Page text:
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Male Incontinence Solutions

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The radical prostatectomy helped you survive cancer. We may be able to help you with the side effects from surgery.

With a successful radical prostatectomy, you've survived the most common form of non-skin cancer in men in the United States—a cancer that claimed an estimated 32,050 lives in 2010.1 Because 60% of all prostate cancers are discovered before the cancer has spread to other organs, radical prostatectomy is the treatment of choice for many urologists.2,3

Radical prostatectomy involves the removal of the prostate, seminal vesicles, and nearby lymph nodes. The procedure may deliver excellent long-term survival outcomes, but it still has significant side effects, including:

Common Side Effects

  • Infertility: Semen production stops when the seminal vesicles and prostate are removed. Also, the tube that carries sperm is blocked off during surgery. This is a consequence of all radical prostatectomy procedures performed.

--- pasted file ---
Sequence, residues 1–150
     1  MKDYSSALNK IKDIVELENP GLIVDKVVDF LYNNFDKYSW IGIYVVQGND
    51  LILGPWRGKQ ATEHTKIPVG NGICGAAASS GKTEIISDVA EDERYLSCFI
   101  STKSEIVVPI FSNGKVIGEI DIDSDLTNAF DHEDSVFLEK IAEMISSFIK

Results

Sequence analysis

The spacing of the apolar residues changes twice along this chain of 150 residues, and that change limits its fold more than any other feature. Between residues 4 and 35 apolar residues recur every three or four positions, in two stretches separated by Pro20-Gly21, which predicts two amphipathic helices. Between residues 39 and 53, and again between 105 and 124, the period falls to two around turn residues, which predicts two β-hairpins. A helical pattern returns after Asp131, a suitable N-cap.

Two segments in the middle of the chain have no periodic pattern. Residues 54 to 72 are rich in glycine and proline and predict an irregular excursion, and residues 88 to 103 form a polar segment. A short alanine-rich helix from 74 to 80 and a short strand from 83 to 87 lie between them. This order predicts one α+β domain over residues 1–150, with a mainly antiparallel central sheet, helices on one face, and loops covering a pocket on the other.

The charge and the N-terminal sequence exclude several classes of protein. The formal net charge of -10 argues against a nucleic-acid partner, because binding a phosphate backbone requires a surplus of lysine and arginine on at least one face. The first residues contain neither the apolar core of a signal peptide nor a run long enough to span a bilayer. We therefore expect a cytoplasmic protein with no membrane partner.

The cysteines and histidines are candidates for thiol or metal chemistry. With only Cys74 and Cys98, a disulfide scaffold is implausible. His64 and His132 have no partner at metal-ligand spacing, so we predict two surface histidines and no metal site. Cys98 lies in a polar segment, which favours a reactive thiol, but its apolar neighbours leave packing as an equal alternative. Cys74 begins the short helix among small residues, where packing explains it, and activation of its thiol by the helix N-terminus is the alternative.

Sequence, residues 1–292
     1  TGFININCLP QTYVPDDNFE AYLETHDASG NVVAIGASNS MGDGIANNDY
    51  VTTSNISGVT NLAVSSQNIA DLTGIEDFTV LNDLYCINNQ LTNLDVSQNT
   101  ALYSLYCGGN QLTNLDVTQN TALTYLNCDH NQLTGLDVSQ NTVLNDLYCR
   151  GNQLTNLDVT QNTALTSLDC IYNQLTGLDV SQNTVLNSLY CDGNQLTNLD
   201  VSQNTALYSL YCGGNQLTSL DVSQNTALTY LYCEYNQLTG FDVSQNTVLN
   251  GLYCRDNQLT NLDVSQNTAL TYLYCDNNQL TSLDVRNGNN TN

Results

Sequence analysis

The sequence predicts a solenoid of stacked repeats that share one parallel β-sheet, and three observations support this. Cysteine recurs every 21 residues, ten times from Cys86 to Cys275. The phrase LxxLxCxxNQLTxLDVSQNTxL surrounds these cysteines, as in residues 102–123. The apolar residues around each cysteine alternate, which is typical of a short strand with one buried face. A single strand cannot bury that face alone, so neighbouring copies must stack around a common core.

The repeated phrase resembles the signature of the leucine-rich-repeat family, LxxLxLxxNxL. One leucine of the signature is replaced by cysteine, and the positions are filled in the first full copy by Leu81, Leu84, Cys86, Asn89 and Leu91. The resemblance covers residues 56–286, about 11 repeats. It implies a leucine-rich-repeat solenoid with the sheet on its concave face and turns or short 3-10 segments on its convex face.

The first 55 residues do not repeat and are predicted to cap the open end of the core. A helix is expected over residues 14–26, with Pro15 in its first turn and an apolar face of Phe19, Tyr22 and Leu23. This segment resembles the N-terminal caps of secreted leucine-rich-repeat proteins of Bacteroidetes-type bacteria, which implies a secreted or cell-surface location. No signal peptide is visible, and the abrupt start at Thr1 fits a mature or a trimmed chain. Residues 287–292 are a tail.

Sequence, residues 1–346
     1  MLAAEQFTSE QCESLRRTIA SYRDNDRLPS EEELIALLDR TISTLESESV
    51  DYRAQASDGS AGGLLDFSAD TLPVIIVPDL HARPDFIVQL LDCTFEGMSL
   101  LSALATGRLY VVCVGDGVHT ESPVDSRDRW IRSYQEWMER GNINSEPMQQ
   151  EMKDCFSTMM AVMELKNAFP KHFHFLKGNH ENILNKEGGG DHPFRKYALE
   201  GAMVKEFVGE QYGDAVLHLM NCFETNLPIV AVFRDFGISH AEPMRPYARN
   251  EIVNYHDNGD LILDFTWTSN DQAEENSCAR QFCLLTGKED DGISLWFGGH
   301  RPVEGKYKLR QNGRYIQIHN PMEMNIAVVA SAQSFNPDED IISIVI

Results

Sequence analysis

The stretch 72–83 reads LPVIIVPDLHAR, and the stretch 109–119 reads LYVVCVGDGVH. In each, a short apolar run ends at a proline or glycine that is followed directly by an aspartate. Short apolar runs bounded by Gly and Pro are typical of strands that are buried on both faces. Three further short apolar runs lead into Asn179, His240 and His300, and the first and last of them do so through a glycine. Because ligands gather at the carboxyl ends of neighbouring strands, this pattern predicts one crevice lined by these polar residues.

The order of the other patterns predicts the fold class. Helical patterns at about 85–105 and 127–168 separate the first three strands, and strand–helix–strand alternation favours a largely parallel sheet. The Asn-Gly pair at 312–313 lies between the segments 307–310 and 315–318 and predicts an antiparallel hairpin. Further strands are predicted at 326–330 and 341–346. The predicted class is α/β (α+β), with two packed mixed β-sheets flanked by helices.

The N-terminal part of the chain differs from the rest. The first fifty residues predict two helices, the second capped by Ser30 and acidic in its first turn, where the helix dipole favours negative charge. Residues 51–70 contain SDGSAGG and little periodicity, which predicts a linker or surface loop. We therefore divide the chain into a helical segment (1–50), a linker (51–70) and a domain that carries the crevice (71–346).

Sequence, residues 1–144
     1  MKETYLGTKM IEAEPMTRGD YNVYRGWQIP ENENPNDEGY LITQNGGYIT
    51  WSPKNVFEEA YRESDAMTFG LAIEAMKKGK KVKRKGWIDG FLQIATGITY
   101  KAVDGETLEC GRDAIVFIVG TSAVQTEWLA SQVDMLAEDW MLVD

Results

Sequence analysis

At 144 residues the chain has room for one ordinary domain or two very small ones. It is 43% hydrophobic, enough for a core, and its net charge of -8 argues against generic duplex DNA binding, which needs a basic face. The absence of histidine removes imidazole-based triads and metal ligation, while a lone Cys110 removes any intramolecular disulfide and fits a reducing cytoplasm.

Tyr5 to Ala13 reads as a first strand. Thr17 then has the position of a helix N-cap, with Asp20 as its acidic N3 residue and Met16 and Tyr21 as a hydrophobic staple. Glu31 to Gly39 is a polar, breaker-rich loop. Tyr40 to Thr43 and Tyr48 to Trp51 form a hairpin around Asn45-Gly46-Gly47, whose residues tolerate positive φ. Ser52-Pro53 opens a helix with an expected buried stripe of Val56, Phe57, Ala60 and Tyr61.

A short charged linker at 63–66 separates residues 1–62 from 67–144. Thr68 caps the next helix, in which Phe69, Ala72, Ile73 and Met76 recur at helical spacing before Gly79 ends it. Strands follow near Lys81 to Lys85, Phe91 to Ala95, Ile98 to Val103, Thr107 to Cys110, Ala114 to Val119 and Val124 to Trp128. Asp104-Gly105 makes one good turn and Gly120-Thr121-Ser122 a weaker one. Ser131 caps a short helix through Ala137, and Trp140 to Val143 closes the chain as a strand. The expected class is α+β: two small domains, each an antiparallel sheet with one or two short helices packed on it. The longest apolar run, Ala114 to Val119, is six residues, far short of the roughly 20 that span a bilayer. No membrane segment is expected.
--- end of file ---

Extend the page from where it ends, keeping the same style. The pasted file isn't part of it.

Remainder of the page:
• Urinary Incontinence: Damage to the sphincter muscles, which are supposed to contract to prevent urine from flowing out of the bladder, results in some degree of incontinence and is very common after prostate surgery.4
  • Erectile Dysfunction: The nerves that are responsible for creating an erection are sometimes damaged during the prostate removal process, making it temporarily or permanently difficult to sustain an erection suitable for intercourse. To find out more about erectile dysfunction, click here.

Rare Side Effects

  • Rectal injury
  • Lymphedema

Although infertility is an inevitable cost of having your cancer removed, urinary incontinence and erectile dysfunction are treatable. Some men believe these conditions are the price you pay for being cancer-free, but as you will see, they don’t have to be.

This site is dedicated to providing educational and treatment information for patients, caregivers, and health care providers associated with male urinary incontinence.


  1. SEER stat fact sheets: prostate. National Cancer Institute Web site. Accessed June 29, 2011.
  2. Post-treatment issues. Us TOO Prostate Cancer Education & Support Network Web site. Accessed June 29, 2011.
  3. Tan GY, El Douailhy Y, Te AE, Tewari AK. Scientific and technical advances in continence recovery following radical prostatectomy. Expert Rev Med Devices. 2009;6(4):431-453.
  4. Carter HB. Prostate Disorders: Johns Hopkins White Papers. Baltimore, MD: Johns Hopkins Medicine; 2010:46-71.